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The Self-Published Fantasy Blog-off Post 1: Priest & Under a Colder Sun

The Self-Published Fantasy Blog-off Post 1: Priest & Under a Colder Sun published on No Comments on The Self-Published Fantasy Blog-off Post 1: Priest & Under a Colder Sun

About the Contest

The Self-published Fantasy Blog-off (SPFBO) is sponsored by Mark Lawrence and carried out by 10 hard-working blogs. You’ve probably heard of Mark Lawrence. He’s written a few books.

The contests itself is explained HERE.

The ten finalists are listed HERE.

And these are the ratings given to the books so far HERE.

Galleywampus is not directly involved in this contest. However, I will read and review the ten finalists. And maybe, if we’re lucky, we’ll be invited to officially take part in the contest next year. I know I want a tower of independently published novels myself.

I’ve decided to write two reviews per post. This first post will feature Priest by Matthew Colville and Under a Colder Sun by Greg James.

The books at the SPFBO are also being rated by the blogs, so I determined to add my own ratings to the mix. I gather that these ratings are on a 1-10 scale. I am comparing these books to my own general preferences, and these preferences tend toward the center. I don’t often assign a 9 or a 10, unless the book truly blows me away. I also don’t assign 1-3 ratings often, unless the book is really, truly something that I can’t find a good thing to say about it. Most of the books I review fall into that 4-8 range.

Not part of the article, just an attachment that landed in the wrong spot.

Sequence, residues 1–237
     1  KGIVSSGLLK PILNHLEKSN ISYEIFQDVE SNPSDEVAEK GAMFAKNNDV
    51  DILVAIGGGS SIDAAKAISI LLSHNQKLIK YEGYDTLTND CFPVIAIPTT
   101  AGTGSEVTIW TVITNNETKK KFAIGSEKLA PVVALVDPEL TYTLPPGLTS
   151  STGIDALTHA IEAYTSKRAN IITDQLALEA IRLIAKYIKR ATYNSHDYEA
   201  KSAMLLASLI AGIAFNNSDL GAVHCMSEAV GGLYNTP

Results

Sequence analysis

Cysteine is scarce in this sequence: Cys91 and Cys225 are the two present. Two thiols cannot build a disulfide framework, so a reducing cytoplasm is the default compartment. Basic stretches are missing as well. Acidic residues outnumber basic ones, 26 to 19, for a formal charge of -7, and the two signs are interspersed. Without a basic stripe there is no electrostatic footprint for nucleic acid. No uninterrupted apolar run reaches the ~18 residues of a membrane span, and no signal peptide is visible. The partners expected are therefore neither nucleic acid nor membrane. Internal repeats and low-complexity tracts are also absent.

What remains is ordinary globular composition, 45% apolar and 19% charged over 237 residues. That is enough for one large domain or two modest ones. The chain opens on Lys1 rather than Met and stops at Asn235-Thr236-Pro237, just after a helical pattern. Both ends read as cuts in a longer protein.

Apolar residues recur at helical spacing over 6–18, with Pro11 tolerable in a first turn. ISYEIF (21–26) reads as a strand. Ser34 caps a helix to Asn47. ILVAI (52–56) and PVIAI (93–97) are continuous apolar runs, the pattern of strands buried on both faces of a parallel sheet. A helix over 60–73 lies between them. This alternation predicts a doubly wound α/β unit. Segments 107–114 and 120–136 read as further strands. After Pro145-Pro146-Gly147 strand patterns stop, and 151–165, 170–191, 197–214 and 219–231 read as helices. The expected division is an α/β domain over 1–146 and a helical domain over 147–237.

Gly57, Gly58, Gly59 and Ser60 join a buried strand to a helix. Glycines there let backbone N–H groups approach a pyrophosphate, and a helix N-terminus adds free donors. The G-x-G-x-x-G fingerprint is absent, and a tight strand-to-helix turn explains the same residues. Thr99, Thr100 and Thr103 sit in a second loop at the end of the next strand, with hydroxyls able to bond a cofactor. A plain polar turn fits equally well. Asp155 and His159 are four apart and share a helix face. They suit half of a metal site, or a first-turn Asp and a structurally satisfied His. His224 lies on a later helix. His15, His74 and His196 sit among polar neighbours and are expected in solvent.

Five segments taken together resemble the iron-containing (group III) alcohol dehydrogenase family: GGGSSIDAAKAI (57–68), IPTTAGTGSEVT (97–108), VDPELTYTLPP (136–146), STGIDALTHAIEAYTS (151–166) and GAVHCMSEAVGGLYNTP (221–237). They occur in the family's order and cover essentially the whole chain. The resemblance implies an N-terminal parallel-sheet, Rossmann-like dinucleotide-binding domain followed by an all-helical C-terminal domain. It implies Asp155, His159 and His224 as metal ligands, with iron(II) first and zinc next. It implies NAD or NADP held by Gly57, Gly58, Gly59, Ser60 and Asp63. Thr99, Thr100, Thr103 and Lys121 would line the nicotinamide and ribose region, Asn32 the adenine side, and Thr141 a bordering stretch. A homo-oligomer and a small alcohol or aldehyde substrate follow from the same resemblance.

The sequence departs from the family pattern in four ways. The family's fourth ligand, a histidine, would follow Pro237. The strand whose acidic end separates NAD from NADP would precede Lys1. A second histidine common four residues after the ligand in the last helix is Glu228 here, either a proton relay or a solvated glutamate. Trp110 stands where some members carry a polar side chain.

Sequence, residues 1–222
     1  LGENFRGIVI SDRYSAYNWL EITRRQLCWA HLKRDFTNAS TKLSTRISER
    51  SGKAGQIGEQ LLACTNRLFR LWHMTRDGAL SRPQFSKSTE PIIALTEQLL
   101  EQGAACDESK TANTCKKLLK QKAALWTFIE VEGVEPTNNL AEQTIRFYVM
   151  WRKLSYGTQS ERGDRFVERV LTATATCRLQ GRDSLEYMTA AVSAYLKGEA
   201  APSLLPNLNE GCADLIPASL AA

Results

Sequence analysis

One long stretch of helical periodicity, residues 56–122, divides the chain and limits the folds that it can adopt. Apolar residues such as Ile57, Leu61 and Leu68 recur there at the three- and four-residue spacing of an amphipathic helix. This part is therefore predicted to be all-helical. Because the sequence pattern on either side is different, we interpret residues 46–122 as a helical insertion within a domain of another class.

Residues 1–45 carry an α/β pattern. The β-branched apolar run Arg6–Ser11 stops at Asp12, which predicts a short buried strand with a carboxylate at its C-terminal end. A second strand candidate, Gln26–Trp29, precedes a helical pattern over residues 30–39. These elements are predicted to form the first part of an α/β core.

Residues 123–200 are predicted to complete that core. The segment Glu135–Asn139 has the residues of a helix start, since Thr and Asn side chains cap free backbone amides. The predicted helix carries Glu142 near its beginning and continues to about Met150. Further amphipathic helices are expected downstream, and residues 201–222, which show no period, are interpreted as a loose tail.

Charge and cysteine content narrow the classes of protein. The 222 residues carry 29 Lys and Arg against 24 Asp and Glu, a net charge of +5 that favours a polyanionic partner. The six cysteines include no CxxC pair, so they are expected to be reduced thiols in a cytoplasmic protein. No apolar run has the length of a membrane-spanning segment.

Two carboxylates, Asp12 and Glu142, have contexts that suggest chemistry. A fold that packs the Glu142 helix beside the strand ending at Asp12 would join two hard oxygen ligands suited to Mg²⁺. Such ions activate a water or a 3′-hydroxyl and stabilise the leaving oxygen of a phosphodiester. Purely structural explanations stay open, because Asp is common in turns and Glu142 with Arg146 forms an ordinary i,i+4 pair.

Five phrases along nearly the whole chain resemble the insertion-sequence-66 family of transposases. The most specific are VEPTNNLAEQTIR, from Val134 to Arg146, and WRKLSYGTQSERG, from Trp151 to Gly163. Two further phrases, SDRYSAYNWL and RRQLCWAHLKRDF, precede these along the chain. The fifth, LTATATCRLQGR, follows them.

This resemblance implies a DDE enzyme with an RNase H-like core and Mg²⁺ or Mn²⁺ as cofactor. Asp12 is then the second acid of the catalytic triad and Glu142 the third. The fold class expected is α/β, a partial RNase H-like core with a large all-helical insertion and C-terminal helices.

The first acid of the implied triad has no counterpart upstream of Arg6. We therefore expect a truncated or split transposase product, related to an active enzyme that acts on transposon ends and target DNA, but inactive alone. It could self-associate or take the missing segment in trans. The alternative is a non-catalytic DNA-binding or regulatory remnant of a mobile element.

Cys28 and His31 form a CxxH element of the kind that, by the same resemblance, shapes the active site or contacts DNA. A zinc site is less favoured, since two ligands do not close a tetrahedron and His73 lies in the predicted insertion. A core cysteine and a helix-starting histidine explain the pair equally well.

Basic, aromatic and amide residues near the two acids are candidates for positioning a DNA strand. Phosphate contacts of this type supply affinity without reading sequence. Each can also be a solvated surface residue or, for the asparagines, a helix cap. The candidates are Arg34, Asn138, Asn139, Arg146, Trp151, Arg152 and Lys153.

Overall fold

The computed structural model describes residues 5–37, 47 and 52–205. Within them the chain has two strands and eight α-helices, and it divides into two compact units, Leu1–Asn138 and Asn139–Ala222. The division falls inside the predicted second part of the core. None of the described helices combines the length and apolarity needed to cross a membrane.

Reviews

priest

Priest by Matthew Colville is an interesting work of fiction. I was often left uncertain about what would happen next. It is a bit like a work of noir, but that isn’t quite right. “A fantasy hard-boiled” is on the cover, and that’s partially what I experienced. It reminds me a bit of an episode of an old crime program, or a locked-room mystery. We know that something happened, and we know the end result. This is sort of a “whodoneit.” We don’t know who did it, or why, or even specifically how it was done. The protagonist isn’t given much to work with.